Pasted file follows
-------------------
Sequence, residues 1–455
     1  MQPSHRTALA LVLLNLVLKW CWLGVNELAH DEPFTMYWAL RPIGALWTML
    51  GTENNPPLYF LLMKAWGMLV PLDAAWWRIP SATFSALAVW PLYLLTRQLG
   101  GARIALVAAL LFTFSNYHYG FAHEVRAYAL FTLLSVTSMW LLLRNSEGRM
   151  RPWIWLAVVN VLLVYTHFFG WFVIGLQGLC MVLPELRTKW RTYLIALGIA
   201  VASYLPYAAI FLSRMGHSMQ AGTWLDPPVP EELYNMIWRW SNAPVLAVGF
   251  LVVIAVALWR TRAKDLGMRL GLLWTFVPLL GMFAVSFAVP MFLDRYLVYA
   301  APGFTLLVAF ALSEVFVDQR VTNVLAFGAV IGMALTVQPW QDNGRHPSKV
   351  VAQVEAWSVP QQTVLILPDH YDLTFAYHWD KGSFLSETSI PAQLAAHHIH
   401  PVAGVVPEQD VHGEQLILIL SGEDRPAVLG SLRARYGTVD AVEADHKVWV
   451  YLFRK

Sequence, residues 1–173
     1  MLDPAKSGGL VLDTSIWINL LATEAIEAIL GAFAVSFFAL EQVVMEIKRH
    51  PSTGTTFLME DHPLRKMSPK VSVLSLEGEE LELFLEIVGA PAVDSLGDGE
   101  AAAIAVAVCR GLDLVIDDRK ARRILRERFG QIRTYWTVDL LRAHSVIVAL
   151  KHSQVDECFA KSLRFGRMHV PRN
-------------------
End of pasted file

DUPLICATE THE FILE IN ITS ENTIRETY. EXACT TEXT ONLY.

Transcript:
Sequence, residues 1–455
     1  MQPSHRTALA LVLLNLVLKW CWLGVNELAH DEPFTMYWAL RPIGALWTML
    51  GTENNPPLYF LLMKAWGMLV PLDAAWWRIP SATFSALAVW PLYLLTRQLG
   101  GARIALVAAL LFTFSNYHYG FAHEVRAYAL FTLLSVTSMW LLLRNSEGRM
   151  RPWIWLAVVN VLLVYTHFFG WFVIGLQGLC MVLPELRTKW RTYLIALGIA
   201  VASYLPYAAI FLSRMGHSMQ AGTWLDPPVP EELYNMIWRW SNAPVLAVGF
   251  LVVIAVALWR TRAKDLGMRL GLLWTFVPLL GMFAVSFAVP MFLDRYLVYA
   301  APGFTLLVAF ALSEVFVDQR VTNVLAFGAV IGMALTVQPW QDNGRHPSKV
   351  VAQVEAWSVP QQTVLILPDH YDLTFAYHWD KGSFLSETSI PAQLAAHHIH
   401  PVAGVVPEQD VHGEQLILIL SGEDRPAVLG SLRARYGTVD AVEADHKVWV
   451  YLFRK

Sequence, residues 1–173
     1  MLDPAKSGGL VLDTSIWINL LATEAIEAIL GAFAVSFFAL EQVVMEIKRH
    51  PSTGTTFLME DHPLRKMSPK VSVLSLEGEE LELFLEIVGA PAVDSLGDGE
   101  AAAIAVAVCR GLDLVIDDRK ARRILRERFG QIRTYWTVDL LRAHSVIVAL
   151  KHSQVDECFA KSLRFGRMHV PRN